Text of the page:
With the beginning of separate offensives against the Islamic State (IS) in Fallujah and Raqqa many analysts are highlighting that this is the beginning of the end of IS, with Mosul next in the sights. However, there is one key issue with this analysis; these offensives do nothing to address the structural failures in both Iraq and Syria that led to IS’ rise. Moreover, there is no valid plan for the governance of the people being ‘liberated’ from IS. Without addressing these issues, history will repeat itself and IS will either return or morph into another radicalised entity looking to represent marginalised Sunnis.
The offensive in Fallujah happens as the Prime Minister of Iraq, Haider al-Abadi, is under pressure to show action against IS, due to scores of suicide bombs in Baghdad and his failure to implement reforms. The position of Abadi – and the central government of Iraq in general – optimises the chaos in Iraq, which further highlights the difficulty of implementing a successful post-IS solution. The uprising of Sunnis and the acceptance of IS by many of the local population was due to political sideling and authoritarian (majority sectarian) actionsby the central government. These issues need to be addressed, but how can they when a cabinet cannot even be agreed uponby the Iraqi parliament?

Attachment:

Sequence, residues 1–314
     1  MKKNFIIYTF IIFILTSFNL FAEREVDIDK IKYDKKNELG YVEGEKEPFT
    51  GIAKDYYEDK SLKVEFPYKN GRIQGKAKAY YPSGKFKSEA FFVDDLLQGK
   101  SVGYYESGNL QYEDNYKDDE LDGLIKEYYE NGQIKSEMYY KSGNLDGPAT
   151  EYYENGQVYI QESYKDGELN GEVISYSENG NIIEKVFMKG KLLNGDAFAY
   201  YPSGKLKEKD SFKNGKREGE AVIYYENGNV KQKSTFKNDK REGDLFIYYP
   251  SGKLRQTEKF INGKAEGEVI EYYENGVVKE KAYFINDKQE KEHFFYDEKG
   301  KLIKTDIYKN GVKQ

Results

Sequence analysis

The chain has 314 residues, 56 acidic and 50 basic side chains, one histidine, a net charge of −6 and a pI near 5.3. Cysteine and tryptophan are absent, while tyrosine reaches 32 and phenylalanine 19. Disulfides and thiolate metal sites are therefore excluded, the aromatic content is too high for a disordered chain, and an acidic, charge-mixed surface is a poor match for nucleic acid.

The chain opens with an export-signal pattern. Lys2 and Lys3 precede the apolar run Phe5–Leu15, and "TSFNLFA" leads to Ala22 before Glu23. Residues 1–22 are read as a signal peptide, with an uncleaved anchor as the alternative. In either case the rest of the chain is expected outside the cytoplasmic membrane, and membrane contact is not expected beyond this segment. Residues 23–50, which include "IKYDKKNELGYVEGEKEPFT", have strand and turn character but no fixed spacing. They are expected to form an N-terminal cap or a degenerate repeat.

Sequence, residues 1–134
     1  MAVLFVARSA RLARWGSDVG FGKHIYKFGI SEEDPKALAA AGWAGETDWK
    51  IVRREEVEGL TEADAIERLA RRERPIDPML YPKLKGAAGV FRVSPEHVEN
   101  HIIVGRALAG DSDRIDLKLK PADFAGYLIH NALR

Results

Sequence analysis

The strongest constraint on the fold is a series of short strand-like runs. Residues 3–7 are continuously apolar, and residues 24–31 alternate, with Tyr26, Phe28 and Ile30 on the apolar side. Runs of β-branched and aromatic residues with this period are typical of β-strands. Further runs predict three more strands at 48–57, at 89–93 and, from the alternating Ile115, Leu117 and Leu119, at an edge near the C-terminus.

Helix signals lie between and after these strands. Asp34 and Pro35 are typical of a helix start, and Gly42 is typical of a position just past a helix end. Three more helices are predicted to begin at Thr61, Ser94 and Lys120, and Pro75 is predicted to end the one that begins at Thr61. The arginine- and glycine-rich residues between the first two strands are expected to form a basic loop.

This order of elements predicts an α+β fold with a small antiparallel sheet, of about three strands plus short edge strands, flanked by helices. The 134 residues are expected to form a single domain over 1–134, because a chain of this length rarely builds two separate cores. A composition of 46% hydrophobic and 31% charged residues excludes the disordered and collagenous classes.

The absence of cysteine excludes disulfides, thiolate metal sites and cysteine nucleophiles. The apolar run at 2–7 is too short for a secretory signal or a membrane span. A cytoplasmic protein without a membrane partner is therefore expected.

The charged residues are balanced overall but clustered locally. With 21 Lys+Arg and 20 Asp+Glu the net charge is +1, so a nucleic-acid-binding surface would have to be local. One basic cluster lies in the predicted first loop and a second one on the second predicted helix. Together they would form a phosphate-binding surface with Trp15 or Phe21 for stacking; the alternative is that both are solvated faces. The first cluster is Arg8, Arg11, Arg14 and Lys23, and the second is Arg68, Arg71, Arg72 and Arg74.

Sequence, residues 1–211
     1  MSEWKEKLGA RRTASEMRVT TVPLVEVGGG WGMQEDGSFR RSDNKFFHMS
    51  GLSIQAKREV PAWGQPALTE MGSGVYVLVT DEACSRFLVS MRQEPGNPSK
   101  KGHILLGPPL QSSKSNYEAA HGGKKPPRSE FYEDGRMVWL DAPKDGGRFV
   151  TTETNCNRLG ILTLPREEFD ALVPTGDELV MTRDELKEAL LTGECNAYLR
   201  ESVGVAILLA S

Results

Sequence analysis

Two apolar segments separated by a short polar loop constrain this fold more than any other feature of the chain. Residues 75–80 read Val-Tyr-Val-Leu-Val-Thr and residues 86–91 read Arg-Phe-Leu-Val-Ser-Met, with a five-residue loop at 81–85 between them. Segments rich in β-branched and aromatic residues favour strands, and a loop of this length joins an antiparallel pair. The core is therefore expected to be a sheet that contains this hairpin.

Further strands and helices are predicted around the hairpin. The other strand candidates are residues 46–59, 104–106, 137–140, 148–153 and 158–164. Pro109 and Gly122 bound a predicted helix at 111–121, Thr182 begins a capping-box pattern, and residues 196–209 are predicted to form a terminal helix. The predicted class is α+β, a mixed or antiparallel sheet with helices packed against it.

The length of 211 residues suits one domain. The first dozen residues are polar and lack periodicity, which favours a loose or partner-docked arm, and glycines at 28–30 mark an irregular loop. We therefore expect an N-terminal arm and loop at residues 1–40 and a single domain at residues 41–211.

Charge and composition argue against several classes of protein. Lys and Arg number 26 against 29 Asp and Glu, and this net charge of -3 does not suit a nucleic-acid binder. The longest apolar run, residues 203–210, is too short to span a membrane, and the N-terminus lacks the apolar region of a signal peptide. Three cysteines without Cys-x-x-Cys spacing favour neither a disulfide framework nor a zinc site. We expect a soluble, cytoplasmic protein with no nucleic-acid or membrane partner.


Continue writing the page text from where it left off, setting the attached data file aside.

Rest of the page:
Sunnis rightly don’t trust the Iraqi army, due to its deadly actions against Sunni protestors between 2012 and 2013. Additionally, Sunnis don’t trust the Shiite militias, due to their loyalty to their Shiite spiritual leaders, their links to Iran, and because they fear revenge by these militias for the actions of IS. A fear that is justified giving the brutal actions of Hashd al-Shaabi in Tikrit – there has already been reports of similar actions in Fallujah.
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